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FOR FURTHER INFORMATION CONTACT:
Office of Public Information (609) 882-2000
Lt. Gerald Lewis - ext. 6516
Sgt. Stephen Jones - ext. 6513
Sgt. Julian Castellanos - ext. 6515

FOR IMMEDIATE RELEASE:
November 21, 2008


 
 
NJ State Troopers Offer Safety Tips for Cold Weather Boating
Advice especially appropriate for waterfowl hunters in
light of 2008 tragic accidents

With the second tragic waterfowl hunting accident this year, the New Jersey State Police Marine Services Bureau is offering some important safety tips for those intrepid hunters and anglers who venture out on the water during the cold weather.

Always wear a life jacket.

  • Life jackets are an essential component to safe boating. There are many styles of life jackets available in various camouflage patterns that complete the hunting ensemble.

Prepare properly

  • Place your mobile phone in a waterproof plastic bag and keep it on your person
  • Let someone know where you're going, when to expect you back and what your boat looks like, along with its vessel registration numbers
  • Check the weather forecast
  • Speak with locals to learn about local boating hazards
  • Bring charts and maps
  • Check all safety equipment including VHF radios, GPS devices, and emergency locator beacons and flares
  • Pack a first aid kit robust enough for significant injuries that could occur while hunting.
  • Make sure your boats drain plug is in place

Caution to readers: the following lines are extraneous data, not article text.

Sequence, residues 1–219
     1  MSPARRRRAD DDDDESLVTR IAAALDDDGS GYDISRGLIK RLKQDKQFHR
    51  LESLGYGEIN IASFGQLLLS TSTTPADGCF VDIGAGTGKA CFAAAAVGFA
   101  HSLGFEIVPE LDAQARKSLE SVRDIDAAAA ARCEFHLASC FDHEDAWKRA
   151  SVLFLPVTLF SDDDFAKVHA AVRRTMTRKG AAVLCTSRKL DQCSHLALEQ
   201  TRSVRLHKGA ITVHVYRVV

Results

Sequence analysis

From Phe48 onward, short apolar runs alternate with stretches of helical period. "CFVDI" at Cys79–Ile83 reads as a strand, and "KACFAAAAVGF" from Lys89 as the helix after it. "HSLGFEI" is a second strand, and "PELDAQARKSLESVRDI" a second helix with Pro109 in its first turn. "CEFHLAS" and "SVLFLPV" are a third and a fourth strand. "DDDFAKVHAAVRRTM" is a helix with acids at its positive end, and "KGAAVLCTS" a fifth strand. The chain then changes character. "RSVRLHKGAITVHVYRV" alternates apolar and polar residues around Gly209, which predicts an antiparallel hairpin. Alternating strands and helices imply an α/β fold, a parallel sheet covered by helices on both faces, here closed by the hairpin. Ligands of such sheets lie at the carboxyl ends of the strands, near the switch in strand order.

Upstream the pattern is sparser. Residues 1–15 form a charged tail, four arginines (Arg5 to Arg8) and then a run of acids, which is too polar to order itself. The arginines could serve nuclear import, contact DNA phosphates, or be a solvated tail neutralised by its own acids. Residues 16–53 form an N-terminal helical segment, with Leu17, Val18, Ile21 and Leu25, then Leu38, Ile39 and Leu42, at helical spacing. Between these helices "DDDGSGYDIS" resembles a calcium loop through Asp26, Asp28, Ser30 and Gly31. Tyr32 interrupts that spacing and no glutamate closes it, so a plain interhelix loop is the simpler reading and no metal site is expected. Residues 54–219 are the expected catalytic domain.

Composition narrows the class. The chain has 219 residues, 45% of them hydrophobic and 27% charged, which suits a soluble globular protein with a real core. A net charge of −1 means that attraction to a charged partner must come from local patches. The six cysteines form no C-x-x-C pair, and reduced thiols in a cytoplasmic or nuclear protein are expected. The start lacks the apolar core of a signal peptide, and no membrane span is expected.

Dress to protect against hypothermia

  • Water temperature below 70 degrees is considered cold enough to trigger hypothermia. Body heat is lost 25 times faster in water than in air of the same temperature. Dress in layers that will trap body heat even when wet. Wool and Polypropylene are good materials for such conditions. Avoid cotton fabrics.

Follow all boating regulations regarding capacities and equipment requirements.

  • This includes having a wearable, Coast Guard-approved life jacket for each person on board. Extra floatation devices such as cushions are a great idea.
  • Check the capacity plate of the vessel and be certain not to overload

If you should find yourself in the water

  • Relax and stay with the boat. Try to climb out of the water and on top of your capsized boat to wait for someone to rescue you.
  • Do not worry about trying to salvage gear. Anything that falls overboard is worthless compared to the value of your life.

Here are some facts about the two accidents this year:

February 9, 2008 - Three snow goose hunters lost their lives. Back Creek, Fairfield Twp., Cumberland Co.

  • Were not wearing PFDs
  • Two died of hypothermia, after falling into the water and rendering their cell phones inoperative, which were found on their person.
  • One hunter has still not been located
  • Never informed family or friends about their hunting trip or exact location. Most boaters call this a float plan, and it can even be passed on to a marina operator.

November 15, 2008 - Four hunters in jon boat that overturned on the Mantua Creek, Paulsboro, Gloucester Co. Three rescued and one still missing.

  • A 12-year-old boy was the only one of the four wearing a PFD
  • Subject that is still missing was not wearing a PFD

According to U.S. Coast Guard national statistics for 2007:

  • November has the highest ratio of deaths to boating accidents with 27% of accidents resulting in death. For accidents in the higher latitudes, this can be attributed to the colder water temperatures.
  • Three-quarters of the drowning deaths while boating were involving vessels of 16-feet or less
  • Two-thirds of all fatal boating accident victims drowned, and of those, 90 percent were not wearing life jackets.

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